It used to be said in anarchist circles that if everyone stopped believing in governments, they'd all disappear. It's rather like the childish belief that when we shut our eyes no-one can see us. States represent the force required to defend ruling interests and nowadays that includes maintaining institutions that keep opposition down. And it doesn't just go away as the Tibetan monks will attest.
It takes more than everyone thinking pro-environment thoughts to bring about a fundamental change in the way capitalism works so it's not just about persuading people. The ruling interests are not simply going to give up their privilege. As Paul Foot memorably said, it's a bit like asking the ruling class to open their wallets and tell us all "help yourselves"! It just doesn't happen that way.
So did the world go wrong? No. We live in a social system that defends privileged interests against those who produce. There's an economic compulsion to expand production and squeeze the producers and that's what is wrong. For hippies, it's all about peace and love and as long as we keep our eyes shut, the state can't see us. For anyone thinking rationally about this stuff, the detail matters.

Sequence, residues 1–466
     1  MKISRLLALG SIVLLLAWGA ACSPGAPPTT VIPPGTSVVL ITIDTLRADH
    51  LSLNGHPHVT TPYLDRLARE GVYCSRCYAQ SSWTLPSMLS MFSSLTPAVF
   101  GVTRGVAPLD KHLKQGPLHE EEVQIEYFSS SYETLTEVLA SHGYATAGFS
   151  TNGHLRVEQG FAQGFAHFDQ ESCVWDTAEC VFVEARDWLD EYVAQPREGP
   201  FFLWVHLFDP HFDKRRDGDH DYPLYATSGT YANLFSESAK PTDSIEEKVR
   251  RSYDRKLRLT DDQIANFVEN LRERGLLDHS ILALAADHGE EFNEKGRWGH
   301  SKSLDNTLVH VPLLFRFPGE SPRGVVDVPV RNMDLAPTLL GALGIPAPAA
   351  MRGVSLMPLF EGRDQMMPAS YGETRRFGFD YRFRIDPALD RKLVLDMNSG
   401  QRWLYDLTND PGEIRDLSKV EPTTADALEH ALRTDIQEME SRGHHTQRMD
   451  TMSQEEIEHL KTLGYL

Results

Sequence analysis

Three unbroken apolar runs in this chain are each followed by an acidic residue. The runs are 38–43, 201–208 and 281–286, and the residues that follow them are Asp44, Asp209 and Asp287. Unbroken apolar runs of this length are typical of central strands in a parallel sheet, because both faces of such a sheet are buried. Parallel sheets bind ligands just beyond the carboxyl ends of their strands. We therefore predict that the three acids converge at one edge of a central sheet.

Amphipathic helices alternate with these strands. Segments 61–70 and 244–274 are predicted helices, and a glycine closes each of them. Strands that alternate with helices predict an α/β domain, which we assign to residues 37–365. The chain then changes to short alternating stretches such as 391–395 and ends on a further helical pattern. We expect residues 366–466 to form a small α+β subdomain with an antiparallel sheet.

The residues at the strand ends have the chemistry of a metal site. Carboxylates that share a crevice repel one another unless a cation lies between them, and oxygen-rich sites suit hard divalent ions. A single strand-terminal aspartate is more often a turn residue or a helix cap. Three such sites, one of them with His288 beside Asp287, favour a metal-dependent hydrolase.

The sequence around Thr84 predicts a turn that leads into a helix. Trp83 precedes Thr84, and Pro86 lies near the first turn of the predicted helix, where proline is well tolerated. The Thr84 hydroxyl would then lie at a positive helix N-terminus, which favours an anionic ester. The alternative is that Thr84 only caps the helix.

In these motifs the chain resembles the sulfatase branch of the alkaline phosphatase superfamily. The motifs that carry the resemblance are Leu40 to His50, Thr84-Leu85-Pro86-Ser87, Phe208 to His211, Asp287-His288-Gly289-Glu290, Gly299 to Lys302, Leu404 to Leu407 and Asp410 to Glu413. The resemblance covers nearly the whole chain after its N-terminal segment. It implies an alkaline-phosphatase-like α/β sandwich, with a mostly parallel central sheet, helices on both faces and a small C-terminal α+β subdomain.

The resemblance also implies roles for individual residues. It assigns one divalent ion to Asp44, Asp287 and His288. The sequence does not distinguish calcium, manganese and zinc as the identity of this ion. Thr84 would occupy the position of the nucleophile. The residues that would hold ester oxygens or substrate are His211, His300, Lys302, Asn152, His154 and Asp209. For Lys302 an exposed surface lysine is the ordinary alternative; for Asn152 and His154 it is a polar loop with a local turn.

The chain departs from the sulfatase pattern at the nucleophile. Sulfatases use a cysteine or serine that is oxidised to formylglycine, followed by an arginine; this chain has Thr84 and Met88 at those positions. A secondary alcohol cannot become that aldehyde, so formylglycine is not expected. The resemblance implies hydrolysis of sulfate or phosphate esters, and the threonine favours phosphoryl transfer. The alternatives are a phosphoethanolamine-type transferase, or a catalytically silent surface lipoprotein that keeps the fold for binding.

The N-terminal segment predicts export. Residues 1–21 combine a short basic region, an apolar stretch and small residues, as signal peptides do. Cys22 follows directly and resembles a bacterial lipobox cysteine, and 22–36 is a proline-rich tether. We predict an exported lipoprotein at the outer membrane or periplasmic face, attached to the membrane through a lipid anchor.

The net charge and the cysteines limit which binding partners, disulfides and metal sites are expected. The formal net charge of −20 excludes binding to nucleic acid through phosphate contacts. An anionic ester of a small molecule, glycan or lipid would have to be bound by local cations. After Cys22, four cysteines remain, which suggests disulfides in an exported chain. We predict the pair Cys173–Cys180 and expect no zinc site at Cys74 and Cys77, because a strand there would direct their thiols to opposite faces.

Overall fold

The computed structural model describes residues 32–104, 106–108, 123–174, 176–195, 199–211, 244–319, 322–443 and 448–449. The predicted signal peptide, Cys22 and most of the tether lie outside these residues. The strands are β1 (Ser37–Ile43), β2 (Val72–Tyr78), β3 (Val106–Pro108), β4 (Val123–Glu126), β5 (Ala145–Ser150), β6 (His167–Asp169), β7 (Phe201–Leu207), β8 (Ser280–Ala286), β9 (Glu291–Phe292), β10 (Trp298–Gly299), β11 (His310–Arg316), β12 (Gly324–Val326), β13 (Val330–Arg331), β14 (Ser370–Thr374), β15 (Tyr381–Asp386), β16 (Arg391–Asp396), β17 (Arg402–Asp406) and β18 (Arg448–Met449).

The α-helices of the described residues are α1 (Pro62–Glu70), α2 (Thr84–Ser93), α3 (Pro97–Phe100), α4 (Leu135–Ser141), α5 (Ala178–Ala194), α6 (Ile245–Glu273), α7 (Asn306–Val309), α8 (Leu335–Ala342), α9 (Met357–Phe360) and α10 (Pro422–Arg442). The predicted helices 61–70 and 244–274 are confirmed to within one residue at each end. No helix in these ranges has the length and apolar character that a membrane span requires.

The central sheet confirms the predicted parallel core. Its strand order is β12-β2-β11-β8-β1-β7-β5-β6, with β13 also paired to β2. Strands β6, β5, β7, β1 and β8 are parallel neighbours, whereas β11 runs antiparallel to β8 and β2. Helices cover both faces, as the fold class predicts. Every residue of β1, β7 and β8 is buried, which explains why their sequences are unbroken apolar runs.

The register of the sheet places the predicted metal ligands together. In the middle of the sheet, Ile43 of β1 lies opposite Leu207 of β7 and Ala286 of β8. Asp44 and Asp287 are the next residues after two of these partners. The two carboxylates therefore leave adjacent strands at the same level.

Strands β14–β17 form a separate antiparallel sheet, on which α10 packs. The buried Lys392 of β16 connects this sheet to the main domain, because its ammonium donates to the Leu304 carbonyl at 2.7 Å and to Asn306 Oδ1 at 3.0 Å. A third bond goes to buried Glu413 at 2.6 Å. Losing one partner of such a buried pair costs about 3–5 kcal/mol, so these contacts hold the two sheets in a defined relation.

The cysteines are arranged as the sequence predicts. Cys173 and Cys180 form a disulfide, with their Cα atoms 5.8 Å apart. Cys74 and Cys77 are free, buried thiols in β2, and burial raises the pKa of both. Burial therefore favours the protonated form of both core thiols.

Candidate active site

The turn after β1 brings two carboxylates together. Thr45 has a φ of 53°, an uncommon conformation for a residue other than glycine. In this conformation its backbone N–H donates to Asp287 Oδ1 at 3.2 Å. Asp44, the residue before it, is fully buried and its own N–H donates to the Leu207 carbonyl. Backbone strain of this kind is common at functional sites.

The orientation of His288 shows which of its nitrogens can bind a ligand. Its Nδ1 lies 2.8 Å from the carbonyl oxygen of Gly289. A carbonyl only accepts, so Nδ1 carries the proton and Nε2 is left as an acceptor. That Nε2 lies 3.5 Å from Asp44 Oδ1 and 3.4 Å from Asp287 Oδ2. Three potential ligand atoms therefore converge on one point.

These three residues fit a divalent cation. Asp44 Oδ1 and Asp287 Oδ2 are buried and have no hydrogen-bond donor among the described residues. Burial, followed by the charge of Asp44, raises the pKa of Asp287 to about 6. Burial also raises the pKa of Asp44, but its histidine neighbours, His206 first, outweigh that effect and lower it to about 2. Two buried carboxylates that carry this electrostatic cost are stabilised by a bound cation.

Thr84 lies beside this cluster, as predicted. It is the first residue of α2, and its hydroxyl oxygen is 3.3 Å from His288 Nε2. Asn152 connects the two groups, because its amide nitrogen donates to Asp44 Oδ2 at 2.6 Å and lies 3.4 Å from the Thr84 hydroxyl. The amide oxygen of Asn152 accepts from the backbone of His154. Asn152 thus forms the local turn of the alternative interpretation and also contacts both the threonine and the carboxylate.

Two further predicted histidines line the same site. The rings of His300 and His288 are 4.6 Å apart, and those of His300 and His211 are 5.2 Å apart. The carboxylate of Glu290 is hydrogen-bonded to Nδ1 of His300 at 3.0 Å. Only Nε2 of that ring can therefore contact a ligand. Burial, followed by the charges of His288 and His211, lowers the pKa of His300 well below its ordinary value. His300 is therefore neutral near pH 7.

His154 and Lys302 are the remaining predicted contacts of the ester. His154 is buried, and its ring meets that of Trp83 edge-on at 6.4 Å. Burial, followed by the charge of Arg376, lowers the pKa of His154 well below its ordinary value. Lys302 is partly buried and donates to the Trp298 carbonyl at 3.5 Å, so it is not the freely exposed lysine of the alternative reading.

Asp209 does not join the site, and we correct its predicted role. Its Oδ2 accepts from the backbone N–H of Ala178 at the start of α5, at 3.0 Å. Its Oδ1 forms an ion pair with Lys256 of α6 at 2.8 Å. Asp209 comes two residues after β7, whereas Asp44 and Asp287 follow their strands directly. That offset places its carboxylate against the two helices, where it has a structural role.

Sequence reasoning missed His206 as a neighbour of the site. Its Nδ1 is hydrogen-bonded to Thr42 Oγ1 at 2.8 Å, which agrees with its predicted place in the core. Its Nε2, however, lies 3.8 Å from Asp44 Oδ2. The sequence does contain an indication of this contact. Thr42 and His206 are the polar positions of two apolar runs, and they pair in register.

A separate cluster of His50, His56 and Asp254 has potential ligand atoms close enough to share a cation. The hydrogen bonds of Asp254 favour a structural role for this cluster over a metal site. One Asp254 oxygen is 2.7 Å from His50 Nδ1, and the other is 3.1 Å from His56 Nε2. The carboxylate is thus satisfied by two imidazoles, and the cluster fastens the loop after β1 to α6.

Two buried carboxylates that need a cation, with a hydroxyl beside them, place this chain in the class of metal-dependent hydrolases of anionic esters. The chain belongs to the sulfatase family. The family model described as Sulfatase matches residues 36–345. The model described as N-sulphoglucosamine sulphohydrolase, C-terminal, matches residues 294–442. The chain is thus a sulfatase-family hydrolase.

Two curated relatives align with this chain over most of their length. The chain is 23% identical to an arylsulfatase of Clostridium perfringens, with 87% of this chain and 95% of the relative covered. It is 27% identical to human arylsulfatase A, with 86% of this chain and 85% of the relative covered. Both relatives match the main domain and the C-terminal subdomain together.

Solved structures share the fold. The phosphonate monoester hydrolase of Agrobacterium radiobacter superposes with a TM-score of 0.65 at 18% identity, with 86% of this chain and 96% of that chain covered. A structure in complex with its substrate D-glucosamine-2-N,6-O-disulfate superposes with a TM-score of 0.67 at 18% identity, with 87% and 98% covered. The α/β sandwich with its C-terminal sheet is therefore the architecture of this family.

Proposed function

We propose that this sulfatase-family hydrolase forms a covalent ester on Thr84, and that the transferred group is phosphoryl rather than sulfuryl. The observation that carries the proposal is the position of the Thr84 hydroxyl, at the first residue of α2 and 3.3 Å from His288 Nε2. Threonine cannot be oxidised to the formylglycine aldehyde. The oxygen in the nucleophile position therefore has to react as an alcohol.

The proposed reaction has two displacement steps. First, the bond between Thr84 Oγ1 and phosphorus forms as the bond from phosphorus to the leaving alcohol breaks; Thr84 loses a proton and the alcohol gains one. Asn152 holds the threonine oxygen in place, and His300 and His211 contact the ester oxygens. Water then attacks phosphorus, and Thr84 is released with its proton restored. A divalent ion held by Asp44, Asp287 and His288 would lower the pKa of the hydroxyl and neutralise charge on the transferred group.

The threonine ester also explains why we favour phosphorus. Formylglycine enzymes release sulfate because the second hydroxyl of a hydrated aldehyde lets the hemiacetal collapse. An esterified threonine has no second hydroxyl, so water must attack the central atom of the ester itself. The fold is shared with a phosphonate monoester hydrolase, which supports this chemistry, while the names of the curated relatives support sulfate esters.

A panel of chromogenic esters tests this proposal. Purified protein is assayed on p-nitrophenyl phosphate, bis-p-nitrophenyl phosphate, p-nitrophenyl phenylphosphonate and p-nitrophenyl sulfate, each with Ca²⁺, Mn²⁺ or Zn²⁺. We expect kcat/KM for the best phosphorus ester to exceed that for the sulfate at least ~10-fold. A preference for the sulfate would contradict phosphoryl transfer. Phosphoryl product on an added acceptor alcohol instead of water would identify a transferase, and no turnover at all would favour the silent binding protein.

We live in an age when preserving the system is the prime political aim of social-democrat politicians, regardless of how much it hurts the producers. They long ago gave up any intention of fundamentally changing how the system works - they are all pro-capitalist and they apologise and disguise what they are doing by nowadays talking about the inevitability of globalisation. They look at famine in Africa, regret the inevitability and turn the page. The hippies just wistfully regret that everyone isn't nicer. Both as bad as each other!